Economics of…pornography

The internet is a beautiful thing. Type into your Google search bar ‘Asian takeaway’ and you will find all kinds of wonderful, often confusing things. Look to buy a copy of ‘Men in Black’, and expect the top search to be ‘Men in Blacks’, a fine compilation of German ebony porn. Sex is sold absolutely everywhere; through advertising, through clothing, but none more so than through the medium of pornography.

Hard-core video pornography really took off in the 1970’s with the invention of accessible VHS, sexually liberated hippies and, perhaps most importantly, the funk guitar. By the end of 1970’s it was estimated that porn was worth little more than $10m in the United States. Forty years later, the porn industry is said to rake in $13bn a year.tissues - YayAdrian

On the outside, we may assume that porn is a simple, easy to understand industry with the only entry requirements being a finely trimmed moustache, a set of surgically altered breasts and an ability to swallow. But in reality, the business is a quite wonderful example of an industry willing to embrace change, something that led to its massive profit boom in the late nineties and its enormous market reach. The internet meant shy, aloof teenagers like myself, could treat our hormonal desires without the embarrassment of visiting a shop, and meant that customers could discover a wider range of products at the click of the mouse (‘you enjoyed Latina maids? Perhaps you’d like Persian housewives?’). Statistics suggest that 72 per cent of companies are investing in new technology, so perhaps it is unsurprising that DVD rentals and purchases decreased from $3.62bn to $1.81bn between 2006 and 2009, whilst the internet saw a growth from $1.8bn to $4.9bn.

But, like the music and film industry before it, pornography is at a crossroads. Porn tycoon, and personal hero, Steven Hirsh claimed that ‘between the DVD sales, the piracy, the free porn online and the economy. I’ve never seen it this bad in 25 years in the business’. Although masturbation is a necessity, paying for porn is not, so the recession inevitably hit the porn industry hard. And when there are so many free websites with the same product why would you dish out a £25-a-month membership fee to Brazzers? In 2009, DVD sales dropped 30 per cent, a fair statistic considering the internet’s transition as the key pornography provider, but pay-per-view also dropped a whopping 50 per cent. Even porn stars have seen a 30 per cent wage drop.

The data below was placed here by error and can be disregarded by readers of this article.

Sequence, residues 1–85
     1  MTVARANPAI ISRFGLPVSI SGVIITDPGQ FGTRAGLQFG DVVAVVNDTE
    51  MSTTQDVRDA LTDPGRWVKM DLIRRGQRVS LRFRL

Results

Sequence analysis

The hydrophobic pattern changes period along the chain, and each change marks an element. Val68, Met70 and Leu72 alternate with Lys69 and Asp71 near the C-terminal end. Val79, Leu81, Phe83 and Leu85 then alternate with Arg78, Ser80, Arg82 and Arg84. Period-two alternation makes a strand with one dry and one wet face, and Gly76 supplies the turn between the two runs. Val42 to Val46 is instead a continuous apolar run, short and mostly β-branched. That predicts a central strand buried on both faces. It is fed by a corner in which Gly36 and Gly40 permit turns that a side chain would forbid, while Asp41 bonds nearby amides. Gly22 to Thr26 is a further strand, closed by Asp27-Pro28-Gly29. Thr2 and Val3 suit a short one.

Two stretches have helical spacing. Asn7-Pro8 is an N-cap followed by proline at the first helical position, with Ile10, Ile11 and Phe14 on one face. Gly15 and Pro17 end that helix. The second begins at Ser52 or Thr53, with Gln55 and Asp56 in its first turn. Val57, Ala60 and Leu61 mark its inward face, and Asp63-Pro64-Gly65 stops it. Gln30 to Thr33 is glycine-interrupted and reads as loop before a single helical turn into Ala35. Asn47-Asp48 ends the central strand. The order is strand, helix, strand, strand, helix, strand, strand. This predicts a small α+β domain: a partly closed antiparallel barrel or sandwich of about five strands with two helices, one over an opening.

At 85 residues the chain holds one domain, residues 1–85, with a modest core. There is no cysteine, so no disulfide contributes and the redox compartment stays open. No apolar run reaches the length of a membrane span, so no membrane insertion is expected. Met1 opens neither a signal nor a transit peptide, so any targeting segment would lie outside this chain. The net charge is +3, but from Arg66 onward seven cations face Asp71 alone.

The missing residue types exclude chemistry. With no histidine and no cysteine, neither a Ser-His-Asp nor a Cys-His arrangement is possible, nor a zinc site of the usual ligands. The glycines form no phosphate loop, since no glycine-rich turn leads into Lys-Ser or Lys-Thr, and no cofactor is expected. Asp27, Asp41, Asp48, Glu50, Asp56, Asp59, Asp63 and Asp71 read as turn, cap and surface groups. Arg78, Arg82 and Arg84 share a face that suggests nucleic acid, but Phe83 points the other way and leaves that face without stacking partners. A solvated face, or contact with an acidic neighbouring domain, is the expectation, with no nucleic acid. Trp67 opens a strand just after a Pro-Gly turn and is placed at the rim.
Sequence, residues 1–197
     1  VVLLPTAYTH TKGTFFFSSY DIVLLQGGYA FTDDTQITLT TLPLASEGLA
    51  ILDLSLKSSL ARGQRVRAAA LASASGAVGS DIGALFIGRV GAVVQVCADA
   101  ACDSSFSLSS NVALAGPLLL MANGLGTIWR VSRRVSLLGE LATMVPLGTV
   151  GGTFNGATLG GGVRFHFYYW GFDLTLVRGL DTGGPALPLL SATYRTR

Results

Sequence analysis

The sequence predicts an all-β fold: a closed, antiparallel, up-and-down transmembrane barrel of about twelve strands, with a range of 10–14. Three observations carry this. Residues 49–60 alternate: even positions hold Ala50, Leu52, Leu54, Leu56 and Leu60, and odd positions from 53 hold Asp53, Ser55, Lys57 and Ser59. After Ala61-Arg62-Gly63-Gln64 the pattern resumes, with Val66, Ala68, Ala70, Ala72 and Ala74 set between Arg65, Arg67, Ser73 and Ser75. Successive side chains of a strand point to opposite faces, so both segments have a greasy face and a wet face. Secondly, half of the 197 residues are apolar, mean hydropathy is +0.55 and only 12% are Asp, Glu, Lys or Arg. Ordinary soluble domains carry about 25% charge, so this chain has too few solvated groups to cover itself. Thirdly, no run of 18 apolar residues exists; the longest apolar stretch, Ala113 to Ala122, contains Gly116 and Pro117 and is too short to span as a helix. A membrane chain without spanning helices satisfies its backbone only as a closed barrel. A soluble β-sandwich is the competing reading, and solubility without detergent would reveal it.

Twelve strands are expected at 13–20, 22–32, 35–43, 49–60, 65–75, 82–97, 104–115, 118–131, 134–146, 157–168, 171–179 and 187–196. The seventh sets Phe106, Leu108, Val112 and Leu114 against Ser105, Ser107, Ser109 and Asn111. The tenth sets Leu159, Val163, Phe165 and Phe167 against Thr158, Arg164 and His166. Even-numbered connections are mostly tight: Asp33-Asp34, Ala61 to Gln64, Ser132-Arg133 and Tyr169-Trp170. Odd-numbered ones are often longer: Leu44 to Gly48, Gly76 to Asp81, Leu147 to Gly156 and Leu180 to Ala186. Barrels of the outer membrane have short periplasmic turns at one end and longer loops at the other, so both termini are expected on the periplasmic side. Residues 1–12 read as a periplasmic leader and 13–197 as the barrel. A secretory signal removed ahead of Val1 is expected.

What remains then for the industry? Firstly, the sex thirsty customer base, even if they’re not paying. YouPorn, a free porn streaming website, is the seventeenth most popular website in Germany and receives 13.7m hits a month. A porn film is still made every thirty seconds in the United States, so next time you’re in a lecture just remember that at least eight people have been laid in that time. Our desire for smut is not disappearing and although technology has led to its downfall, it has also further opened moneymaking markets. Between 2008 and 2013 we can expect to see a 75 per cent increase in profits made from handheld devices and the tearing down of virtual walls means that the handful of countries where porn is still illegal could soon be open for business, including China with its six-hundred and fifty million todgers.

Porn is facing a tough time, but by no means does it mean that we will stop peeling the cucumber anytime soon. Just remember that the next time you visit XVideos and watch Japanese fetish, you’re putting another ‘aspiring actress’ out of a job.

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